"That wasn't my aim," Charlotte assured. 

"Being a nice hostess, then, are you?" Death took a drink and eyed her over the glass. "You wouldn't be the first person to try that trick." Death smiled again. "Your turn, darling."

Charlotte examined the cards on the table, took a breath, and made her fist move.

And so it went, as the minutes ticked on. Death would play and Charlotte would play. A glass would be drained and filled again. Albert would breathe heavily from his crib and Charlotte would fight the urge to go and check on him. At least he was breathing. All the while Death was telling her stories, stories about the people they'd bested, stories about the people who'd lost. 

"Want to know who the biggest crier was? Go on, guess," Death goaded.

"I don't have the faintest idea," Charlotte replied, her tone calm but cold.

"Alexander the Great, wailed the entire time. 'Oh, please don't take me! Please don't take me, I have so much more to live for.' He would not shut up." Death chuckled and took a drink. "Abraham Lincoln was surprisingly stoic, considering the circumstances. Maybe death was preferable to politics?"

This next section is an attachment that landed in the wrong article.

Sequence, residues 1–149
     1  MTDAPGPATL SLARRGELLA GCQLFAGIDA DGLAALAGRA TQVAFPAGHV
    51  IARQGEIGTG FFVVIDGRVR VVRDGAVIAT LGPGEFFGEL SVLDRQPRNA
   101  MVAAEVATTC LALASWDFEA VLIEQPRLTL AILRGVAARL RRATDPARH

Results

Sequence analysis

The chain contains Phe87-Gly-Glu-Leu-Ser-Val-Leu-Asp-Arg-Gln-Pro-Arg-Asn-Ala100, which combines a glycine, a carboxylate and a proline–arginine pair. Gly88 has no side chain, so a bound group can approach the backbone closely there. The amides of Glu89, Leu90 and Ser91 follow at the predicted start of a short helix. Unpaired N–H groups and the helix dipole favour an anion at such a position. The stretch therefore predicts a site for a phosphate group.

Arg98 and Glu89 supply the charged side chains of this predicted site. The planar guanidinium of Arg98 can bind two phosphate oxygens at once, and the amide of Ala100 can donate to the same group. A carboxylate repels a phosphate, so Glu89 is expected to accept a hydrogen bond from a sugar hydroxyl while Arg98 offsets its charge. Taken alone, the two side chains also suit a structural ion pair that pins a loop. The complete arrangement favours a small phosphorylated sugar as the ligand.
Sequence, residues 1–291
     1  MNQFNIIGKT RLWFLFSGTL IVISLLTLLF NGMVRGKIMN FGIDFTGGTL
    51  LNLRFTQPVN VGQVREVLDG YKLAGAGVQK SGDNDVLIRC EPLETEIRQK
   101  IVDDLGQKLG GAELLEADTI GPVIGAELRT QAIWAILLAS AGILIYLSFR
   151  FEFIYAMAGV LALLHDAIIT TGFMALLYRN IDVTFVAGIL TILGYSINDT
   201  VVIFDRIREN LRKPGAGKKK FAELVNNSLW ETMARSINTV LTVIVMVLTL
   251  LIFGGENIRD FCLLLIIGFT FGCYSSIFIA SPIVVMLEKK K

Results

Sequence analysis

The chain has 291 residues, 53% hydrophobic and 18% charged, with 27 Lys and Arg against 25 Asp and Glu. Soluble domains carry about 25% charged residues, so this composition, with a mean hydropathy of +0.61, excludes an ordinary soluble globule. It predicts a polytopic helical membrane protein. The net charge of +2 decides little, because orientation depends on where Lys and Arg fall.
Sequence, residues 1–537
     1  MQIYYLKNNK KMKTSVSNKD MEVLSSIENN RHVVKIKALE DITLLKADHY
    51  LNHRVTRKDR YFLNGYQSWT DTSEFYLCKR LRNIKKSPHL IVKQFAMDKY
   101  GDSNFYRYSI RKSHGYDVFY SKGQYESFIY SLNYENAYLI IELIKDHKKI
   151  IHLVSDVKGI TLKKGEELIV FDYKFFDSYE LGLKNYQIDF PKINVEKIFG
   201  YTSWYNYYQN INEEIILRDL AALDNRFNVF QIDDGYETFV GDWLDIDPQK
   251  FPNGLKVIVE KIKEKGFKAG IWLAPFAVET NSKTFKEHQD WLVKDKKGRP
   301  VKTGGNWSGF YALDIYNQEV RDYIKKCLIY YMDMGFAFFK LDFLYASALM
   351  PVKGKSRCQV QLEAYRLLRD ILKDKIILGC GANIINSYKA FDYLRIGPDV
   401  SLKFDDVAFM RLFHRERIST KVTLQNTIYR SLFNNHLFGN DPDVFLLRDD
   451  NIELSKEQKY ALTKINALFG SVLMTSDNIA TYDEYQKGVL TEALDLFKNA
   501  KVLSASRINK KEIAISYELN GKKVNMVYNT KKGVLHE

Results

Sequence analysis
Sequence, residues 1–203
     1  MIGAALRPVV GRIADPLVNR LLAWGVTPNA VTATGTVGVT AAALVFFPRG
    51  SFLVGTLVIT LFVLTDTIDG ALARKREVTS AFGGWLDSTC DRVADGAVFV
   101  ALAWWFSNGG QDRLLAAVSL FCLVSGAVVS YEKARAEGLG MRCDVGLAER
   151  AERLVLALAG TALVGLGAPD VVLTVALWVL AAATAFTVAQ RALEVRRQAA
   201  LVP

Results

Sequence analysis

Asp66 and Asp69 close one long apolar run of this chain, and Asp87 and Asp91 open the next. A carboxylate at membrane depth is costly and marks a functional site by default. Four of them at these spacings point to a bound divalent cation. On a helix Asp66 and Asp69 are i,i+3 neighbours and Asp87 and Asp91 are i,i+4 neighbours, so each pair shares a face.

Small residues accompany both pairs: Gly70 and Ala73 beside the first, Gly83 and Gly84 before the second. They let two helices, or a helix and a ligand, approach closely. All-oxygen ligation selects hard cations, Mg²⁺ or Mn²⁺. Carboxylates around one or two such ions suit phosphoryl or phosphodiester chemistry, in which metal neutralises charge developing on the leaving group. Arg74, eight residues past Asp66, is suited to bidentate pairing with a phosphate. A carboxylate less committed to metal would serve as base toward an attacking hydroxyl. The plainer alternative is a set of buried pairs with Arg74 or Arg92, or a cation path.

Death played another round and Charlotte paused in her motions. "What's the matter, can't follow suit?"

Charlotte ignored them and played a spade. Fortunately for her, it was a low spade. "Looks like I win again." Death reached over and collected the cards, adding the trick to their pile.

"Careful you don't sandbag," Charlotte commented.

That seemed to ruffle Death just a little. "You concentrate on your own hand, Charlotte Reeves."

The air in the room got uncomfortably cool. Charlotte cleared her throat. "Who else made a big fuss when you took them?" she asked. "Who else would surprise me?"

Death considered it for a moment. "Napoleon, although that's probably not surprising. Men tend to cry more than women."

"Also not surprising," Charlotte added.

"Except when children are involved, of course," Death leered. They watched her for a moment. "Genghis Khan was especially fun." Death leaned back and launched into the story.

When the story was done, the game was almost over. Neither of them had reached 500 in the first hand, so they'd had to draw again, but now the end was close. "You said you don't know where husband Frank is, right?"

"That is correct. He is still among the living, somewhere."

"And you don't know what my future holds?"

"My suspicion is it ends tonight."

"But if it doesn't, you can't tell me where I'll be in a year's time?" Charlotte pressed.

"I'm not a prognosticator, no."